. “It has emotional resonance. Millenials talk a lot about being authenic—but what does that mean for them? It shouldn’t be a LES building plopped down anywhere.”
Jim Camp of Gensler summed up this need for designers to create the warm fuzzies: “People want a sense of place in their projects, even though having a choice of where and how people are going to work is even more important to younger generations.” With the trend towards mobile workstations, how do we feel at home? “We as humans are inherently territorial,” says Durst. “In our mobile world, we still need a place to call our own. How do you accommodate that?’
Sean Wayne of Hickok Cole spoke about the importance of designing to suit the client’s particular culture. For Mullenex, this meant prioritizing the interior finishes for 8,000 housing units in Saudi Arabia: “They really wanted the tactile experience. Right away they wanted to see faucets, sinks, tiles, and the architects were shocked. They are used to coming from tactile interior spaces like mosques.”
Other designers have noticed that a “sense of place” can sometimes take on a very literal, instructional form. For example, reception areas are turning into visitor centers that are curated with the client’s history and legacy, creating an opportunity to tell people a little more about each client and how to use their space.” In sum, a strategic sense of building out spaces is coming up more and more.
#5 Show us the money
If technology is a new huge driver and everyone is trying to figure out where it’s going, does your job have a higher value? As Williamson put it, “They want an Apple iPhone, but at the cost of a piece of paper.” He expressed the room’s frustration that, even though conversations and design strategies are more complex, fees are not rising in turn. Especially when designers save clients millions of dollars by bringing them good consultation.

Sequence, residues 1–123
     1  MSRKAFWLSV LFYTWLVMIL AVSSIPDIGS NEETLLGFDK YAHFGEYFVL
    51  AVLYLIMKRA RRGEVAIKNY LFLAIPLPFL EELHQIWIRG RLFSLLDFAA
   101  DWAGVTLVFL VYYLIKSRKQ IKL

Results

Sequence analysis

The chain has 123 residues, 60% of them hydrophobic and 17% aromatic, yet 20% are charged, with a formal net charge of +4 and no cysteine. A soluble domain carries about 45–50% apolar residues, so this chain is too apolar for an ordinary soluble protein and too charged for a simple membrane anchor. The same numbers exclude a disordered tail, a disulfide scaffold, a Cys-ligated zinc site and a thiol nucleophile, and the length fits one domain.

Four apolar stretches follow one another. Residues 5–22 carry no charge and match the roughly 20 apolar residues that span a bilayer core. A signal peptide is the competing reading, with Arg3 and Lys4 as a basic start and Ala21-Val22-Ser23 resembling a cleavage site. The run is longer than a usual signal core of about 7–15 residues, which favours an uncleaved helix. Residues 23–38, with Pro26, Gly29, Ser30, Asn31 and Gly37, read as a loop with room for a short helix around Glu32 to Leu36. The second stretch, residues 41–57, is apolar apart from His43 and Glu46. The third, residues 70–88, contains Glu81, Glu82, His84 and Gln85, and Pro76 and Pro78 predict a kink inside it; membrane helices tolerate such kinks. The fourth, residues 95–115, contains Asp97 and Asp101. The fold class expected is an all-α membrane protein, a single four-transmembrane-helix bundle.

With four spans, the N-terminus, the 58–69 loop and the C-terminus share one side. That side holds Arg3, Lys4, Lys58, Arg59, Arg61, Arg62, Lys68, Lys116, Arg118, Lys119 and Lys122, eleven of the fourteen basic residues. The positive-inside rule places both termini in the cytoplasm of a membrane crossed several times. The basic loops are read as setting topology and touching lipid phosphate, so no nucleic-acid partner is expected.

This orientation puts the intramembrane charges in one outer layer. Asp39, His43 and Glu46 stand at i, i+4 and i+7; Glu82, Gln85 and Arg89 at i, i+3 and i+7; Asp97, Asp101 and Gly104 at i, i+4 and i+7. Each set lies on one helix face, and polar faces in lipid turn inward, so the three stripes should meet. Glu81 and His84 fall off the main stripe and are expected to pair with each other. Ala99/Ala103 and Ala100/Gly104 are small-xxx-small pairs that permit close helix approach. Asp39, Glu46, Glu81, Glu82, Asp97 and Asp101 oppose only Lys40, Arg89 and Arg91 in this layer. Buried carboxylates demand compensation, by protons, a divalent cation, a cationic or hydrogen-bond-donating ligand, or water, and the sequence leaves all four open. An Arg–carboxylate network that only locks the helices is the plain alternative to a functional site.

Daroff argued that, “Salesmanship comes from using all the right buzzwords and selling it as a separate service. Gensler has been doing this for a long time.” Designers report that anything associated not with stamping and designing the drawing is going to be taken from them (for free). Yet they do it to keep clients, especially when facing fierce competition. A loud frustration with brokers bidding designers against each other led to a conversation about RFPs. Daroff says, “When we’re put in that position, sometimes we need to have the strength to walk away. We have to advocate for ourselves and we have to really promote the value of our contribution.”
“If everything is being bid, at least let us write the RFP so that everything is being bid apples for apples,” adds Hassett. “We have to educate them and get ourselves inserted in the process earlier. It shouldn’t be based on how cheaply the client can get it, but on what can the designer can bring to the project.”
Durst brought the conversation back to a positive note: “The pendulum is swinging far and wide in the design world at this point. We collectively have the lead on all of this, we are experiencing the needs every single day. Everyone can see the changing technology—open office versus benching versus an open pantry, etc—yet only we have the knowledge.” That’s what designers can bring to the table each and every time.